Cats do not hold grudges. They don’t pee on the bed, bite, ignore their people, or act out in other ways because they are “getting back” at their owners. Nor are they purposely trying to irritate them. Cats always have legitimate reasons for their behaviors. Holding grudges and deliberately being irritating are not among them.
It is easy to anthropomorphize and attribute human characteristics to animals. Some of these characteristics include vindictiveness, spite, and a full range of other traits. Although cats do feel emotions and their responses can be similar to people’s, they don’t act out of revenge, nor do they intentionally try to irritate. These are behaviors that humans can call their very own.
Even though cats don’t get even or do obnoxious behaviors to intentionally irritate their owners, there are legitimate reasons for their actions. It isn’t a coincidence that the behaviors may coincide with significant events such as travel, changes in the household, or a new job. Cats are sensitive to change — many become very stressed and anxious when there are changes to their world. Stressed cats can develop a variety of behavior challenges. Because stress can also lead to medical problems, the first item on the agenda is having cats thoroughly examined by veterinarians when there are behavior changes. Serious and painful medical problems can cause cats to “act out.”
Here are three scenarios that lead some people to believe their cats are holding grudges or purposely acting out with the sole purpose of irritating those around them:
My cat is spite-peeing/pooping
It’s never pleasant to come home and find a puddle of urine on the bed, in a favorite pair of shoes, or on a partner’s clothes. The lovely event may happen when people are traveling or after they come home. A significant other recently moving in or someone moving out may also trigger the unpleasant behavior.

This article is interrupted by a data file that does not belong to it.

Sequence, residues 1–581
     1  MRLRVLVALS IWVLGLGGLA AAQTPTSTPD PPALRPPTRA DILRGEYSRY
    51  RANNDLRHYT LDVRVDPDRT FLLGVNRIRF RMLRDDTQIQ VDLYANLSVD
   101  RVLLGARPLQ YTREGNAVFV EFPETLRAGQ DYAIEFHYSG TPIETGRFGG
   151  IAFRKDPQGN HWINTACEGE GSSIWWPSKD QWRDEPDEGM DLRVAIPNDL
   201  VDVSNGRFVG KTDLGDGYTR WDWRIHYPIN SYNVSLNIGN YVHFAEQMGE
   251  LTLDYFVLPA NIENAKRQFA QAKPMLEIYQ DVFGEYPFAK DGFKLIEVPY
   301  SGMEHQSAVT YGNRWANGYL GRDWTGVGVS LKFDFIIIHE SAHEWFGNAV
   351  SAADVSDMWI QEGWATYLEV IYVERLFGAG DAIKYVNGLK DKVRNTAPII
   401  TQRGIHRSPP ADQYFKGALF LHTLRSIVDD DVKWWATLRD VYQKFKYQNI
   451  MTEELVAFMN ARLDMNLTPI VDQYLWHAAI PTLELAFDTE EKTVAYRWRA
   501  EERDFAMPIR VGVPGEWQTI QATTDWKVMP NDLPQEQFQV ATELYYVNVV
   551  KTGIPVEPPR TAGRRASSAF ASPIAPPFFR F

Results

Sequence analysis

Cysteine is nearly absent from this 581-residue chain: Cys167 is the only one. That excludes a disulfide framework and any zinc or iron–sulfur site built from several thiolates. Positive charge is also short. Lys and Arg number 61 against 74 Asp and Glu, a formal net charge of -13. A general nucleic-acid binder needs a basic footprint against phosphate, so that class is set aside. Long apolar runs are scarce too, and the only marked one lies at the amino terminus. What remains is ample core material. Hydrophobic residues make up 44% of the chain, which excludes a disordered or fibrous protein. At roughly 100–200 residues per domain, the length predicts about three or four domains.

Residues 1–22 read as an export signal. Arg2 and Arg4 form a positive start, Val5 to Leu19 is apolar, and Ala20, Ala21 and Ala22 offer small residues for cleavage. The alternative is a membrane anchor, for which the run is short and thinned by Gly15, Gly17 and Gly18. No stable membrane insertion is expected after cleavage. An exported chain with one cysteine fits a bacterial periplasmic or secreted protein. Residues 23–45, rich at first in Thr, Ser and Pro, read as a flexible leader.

Considering the sequence of events, it’s easy for people to conclude that their sweet kitties are getting back at them. Some people might believe, for example, that a cat is mad for being left alone, or because of a new person or animal brought into the home.
Although the cats are sending messages to their owners, the communiqués are not about revenge. Most likely, they are about feeling insecure and anxious.
Some cats experience separation anxiety when left alone for a long period of time. They might urinate on pillows, clothing, or other places that are heavily used by their favored people — mingling their own scent with that of their owners. There are many other reasons that can contribute to their anxieties. These include medical issues, poor litter box maintenance, and boredom.
Urinating, defecating, or spraying a new partner’s pillow or shoes doesn’t mean the cat is carrying a grudge. The cat might feel insecure about the person and is not immediately accepting the changes that accompany someone moving in. Moving, remodeling, and unpacking are stressful events — often causing cats to have behavior issues. Others, who have been the sole subjects of their owners’ affection, may have problems with attention being focused away from them and onto the new partner. It doesn’t help if the newcomer isn’t a fan of cats. Cats are perceptive — they know when someone doesn’t like them. It is also possible that the new person smells weird.
New partners and roommates can help the situation by feeding, playing with, and interacting with the kitties every day. Doing so will encourage warm, fuzzy feelings and help the cats adjust to their new human friends.
My cat hates me
Cat lovers take it personally when their usually affectionate kitties stop hanging out with them. They might believe their cats are mad or don’t love them anymore because the cats stop sleeping with them or shy away from being petted and cuddled. Although this is heartbreaking, cats don’t turn from their people because they no longer love them or are “getting back” at them.